Microarray Papers of Note Published May 2010
Journal: American Journal of Human Genetics. 2010 May 14;86(5):749-64.
Title: Consensus statement: chromosomal microarray is a first-tier clinical diagnostic test for individuals with developmental disabilities or congenital anomalies.
Authors: Miller D, et al.
The International Standard Cytogenomic Array Consortium held two international workshops and conducted a literature review of 33 studies, including 21,698 patients tested by chromosomal microarray. In this paper, they provide an evidence-based summary of clinical cytogenetic testing comparing CMA to G-banded karyotyping with respect to technical advantages and limitations, diagnostic yield for various types of chromosomal aberrations, and issues that affect test interpretation. They found that CMA offers a "much higher diagnostic yield" for genetic testing, but that "truly balanced rearrangements and low-level mosaicism" are still generally not detectable by arrays. The ISCA recommends that CMA be used in place of G-banded karyotyping as the first-tier cytogenetic diagnostic test for most patients. BioArray News interviewed co-author David Ledbetter about the recommendation last month (BAN 5/18/2010).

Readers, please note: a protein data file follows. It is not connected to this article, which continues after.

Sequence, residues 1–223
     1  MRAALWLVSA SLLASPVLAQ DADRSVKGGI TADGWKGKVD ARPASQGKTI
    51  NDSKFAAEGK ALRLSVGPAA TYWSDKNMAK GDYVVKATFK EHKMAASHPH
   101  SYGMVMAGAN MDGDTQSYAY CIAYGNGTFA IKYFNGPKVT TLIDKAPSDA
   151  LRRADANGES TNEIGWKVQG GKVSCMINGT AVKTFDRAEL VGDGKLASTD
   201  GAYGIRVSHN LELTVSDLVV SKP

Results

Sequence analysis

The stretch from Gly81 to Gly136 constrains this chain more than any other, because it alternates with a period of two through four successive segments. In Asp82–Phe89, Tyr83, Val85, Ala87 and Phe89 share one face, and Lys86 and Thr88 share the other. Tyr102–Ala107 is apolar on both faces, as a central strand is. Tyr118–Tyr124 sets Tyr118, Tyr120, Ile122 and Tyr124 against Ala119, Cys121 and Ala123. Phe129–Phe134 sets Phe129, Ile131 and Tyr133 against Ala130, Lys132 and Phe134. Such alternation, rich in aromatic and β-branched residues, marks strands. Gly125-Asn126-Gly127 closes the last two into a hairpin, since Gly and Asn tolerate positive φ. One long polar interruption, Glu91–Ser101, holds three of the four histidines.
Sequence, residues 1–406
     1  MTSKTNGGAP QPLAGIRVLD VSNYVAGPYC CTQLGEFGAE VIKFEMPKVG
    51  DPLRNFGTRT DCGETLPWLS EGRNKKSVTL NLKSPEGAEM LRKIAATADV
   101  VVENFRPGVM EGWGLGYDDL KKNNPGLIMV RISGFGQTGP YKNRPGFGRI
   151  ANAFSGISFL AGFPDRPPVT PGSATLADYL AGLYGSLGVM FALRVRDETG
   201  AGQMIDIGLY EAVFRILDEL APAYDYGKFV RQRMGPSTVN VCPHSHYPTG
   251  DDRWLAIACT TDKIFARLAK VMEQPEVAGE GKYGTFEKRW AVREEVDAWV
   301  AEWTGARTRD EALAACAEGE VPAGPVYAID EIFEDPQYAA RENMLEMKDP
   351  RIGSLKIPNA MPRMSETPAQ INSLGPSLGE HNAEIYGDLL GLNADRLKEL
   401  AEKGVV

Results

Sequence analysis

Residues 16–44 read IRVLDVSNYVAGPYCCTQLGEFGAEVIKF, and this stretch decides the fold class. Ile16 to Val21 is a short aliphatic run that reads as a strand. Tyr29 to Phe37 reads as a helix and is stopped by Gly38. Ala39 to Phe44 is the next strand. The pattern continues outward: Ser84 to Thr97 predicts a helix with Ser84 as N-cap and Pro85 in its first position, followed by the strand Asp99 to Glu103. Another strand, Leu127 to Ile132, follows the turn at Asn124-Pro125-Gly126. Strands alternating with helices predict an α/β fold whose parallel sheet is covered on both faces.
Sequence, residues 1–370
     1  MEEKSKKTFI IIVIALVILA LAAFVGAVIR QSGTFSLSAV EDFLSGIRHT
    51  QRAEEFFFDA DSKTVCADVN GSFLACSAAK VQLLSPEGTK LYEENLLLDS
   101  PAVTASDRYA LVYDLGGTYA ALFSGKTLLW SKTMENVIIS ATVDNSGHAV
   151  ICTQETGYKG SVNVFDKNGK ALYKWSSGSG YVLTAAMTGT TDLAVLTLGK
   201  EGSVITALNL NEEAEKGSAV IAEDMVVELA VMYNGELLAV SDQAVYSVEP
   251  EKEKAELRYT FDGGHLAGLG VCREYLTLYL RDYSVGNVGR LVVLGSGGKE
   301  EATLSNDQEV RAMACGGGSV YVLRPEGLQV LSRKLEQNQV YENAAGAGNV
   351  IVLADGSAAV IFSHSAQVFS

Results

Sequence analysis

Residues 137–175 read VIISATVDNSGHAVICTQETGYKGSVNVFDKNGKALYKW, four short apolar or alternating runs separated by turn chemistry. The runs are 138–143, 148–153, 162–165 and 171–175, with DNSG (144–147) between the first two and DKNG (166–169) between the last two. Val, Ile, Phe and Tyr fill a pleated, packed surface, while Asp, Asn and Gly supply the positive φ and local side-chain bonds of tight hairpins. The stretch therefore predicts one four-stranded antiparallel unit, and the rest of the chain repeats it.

Journal: Analytical Biochemistry. 2010 May 1;400(1):10-8.
Title: Development of miniaturized immunoassay: influence of surface chemistry and comparison with enzyme-linked immunosorbent assay and Western blot.
Authors: El Khoury G, et al.
In this study, two surface chemistries for protein microarrays and immunofluorescent assays were developed. Glass slides were functionalized with N-hydroxysuccinimide ester via a monofunctional silane or maleic anhydride-alt-methyl vinyl ether copolymer to allow covalent grafting of histone proteins. Analytical performance of these microarrays was then evaluated for the detection of anti-histone autoantibodies present in the sera of patients suffering from a systemic autoimmune disease, namely systemic lupus erythematosus, and the results were compared with those of an enzyme-linked immunosorbent assay and Western blot. The authors found the detection limit of their MAMVE copolymer microarrays was 50-fold lower than that of the ELISA. Furthermore, 100-fold less volume of biological samples was required with their immunoassays.
Journal: Analytical Chemistry. 2010 May 1;82(9):3848-55.
Title: Addressable nanowell arrays formed using reversibly sealable hybrid elastomer-metal stencils.
Authors: Pla-Roca M, et al.